The remaining mixture is the gas we burn, and it consists chiefly of a gas called light carburetted hydrogen, or marsh gas, which forms carbonic acid and water when burnt in air. It contains, also, pure hydrogen gas, which has the property of burning in air, and producing water; and heavy carburetted hydrogen gas, which burns in air to form carbonic acid and water, giving an intense light. This last is the substance to which the lighting properties of coal gas are mainly due. Coal gas always contains carbonic oxide, sometimes as much as 11 or 12 per cent. It always contains compounds of sulphur, which, when burne^ in the air, produce sulphurous acid with a little sulphuric acid.

The gas we use for burning is exceedingly poisonous. It contains a sufficient percentage of carbonic oxide gas to kill any animal, and it is therefore extremely important that the gas should not be allowed to get into rooms, even in the smallest quantity. It contains one of the most poisonous substances with .which we are acquainted. It is very fortunate that the gas has a very strong and unpleasant smell, as otherwise a great many people would be poisoned by it. A very foolish thing was once done. A man took out a patent for depriving the gas we burn of its smell, but the gas companies fortunately did not adopt it.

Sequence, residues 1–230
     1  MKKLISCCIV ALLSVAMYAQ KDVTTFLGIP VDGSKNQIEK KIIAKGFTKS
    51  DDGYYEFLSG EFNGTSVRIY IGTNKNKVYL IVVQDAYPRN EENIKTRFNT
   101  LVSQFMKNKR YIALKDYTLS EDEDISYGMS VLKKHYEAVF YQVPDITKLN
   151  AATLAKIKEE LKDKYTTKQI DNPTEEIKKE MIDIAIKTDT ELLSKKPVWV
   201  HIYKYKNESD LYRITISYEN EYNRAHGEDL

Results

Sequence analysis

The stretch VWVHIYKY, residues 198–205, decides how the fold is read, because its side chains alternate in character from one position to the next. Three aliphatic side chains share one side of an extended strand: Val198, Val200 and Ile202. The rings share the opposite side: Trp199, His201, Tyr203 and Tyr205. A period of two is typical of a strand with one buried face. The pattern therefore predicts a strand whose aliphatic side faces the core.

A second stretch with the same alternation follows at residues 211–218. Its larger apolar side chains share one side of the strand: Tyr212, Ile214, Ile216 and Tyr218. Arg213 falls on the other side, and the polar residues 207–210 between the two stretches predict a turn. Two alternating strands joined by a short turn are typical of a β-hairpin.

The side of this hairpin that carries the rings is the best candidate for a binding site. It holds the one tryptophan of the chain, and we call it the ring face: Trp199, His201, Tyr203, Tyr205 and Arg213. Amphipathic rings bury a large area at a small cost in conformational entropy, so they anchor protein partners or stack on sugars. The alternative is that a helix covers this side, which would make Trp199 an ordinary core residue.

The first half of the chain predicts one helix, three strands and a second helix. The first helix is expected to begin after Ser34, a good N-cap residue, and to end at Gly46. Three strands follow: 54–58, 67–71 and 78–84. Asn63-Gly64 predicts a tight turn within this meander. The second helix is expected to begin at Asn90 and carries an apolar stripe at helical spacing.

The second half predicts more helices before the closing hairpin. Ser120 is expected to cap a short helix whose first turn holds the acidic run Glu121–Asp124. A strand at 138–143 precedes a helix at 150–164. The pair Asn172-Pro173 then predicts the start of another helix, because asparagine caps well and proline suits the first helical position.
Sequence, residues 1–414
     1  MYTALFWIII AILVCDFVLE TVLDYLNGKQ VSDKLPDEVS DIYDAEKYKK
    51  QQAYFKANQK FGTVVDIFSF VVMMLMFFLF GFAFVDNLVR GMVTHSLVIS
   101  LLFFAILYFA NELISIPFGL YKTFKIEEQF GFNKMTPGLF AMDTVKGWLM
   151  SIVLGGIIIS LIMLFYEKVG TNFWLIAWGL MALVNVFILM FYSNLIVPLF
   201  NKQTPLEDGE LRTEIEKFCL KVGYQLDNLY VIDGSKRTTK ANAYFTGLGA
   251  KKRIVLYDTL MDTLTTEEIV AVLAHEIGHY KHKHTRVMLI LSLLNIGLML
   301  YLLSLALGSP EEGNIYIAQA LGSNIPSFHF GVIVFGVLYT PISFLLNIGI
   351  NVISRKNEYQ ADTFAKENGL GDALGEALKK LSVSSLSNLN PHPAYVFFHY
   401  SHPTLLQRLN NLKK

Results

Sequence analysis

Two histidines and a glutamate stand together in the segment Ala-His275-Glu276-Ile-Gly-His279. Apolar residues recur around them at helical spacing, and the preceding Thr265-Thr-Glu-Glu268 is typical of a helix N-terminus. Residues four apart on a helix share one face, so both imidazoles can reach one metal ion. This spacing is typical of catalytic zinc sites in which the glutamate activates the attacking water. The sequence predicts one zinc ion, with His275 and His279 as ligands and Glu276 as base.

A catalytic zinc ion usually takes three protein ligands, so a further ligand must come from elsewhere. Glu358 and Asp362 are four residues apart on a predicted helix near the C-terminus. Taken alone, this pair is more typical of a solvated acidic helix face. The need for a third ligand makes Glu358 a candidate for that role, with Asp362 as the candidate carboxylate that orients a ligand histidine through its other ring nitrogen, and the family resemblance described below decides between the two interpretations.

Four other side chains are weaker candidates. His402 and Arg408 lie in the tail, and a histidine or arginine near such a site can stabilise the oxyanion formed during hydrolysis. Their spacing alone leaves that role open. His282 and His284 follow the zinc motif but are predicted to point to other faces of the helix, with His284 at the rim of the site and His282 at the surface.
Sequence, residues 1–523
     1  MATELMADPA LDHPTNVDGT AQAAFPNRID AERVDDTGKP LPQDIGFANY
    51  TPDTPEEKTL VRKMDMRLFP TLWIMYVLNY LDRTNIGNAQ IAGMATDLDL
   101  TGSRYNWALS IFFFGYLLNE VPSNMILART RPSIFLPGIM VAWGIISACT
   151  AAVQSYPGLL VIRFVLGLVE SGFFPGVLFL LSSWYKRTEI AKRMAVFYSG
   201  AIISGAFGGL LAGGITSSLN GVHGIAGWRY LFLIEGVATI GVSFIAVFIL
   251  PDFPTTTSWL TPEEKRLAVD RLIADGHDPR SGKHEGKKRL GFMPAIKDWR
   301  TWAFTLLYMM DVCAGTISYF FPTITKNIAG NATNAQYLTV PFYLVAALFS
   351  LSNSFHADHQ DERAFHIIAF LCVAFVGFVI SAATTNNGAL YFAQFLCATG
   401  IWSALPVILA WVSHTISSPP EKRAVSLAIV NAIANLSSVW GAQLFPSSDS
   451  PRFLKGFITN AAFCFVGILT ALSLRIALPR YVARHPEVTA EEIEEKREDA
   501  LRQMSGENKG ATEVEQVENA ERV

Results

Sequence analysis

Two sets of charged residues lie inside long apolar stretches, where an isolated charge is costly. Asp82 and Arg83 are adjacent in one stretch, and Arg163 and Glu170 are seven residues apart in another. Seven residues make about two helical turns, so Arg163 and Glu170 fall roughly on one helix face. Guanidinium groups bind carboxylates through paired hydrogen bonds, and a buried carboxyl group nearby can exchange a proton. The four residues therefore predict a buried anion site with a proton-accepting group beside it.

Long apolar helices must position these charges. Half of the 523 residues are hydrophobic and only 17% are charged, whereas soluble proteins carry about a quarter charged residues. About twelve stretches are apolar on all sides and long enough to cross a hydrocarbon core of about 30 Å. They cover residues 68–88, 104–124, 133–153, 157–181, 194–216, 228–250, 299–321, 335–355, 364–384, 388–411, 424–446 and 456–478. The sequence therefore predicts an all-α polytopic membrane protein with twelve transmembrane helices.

When coal gas escapes into the air, it forms a mixture which explodes very readily when a spark is applied.

What are the dangers from breathing air into which the products of the combustion of the substances we use for lighting have been allowed to escape ?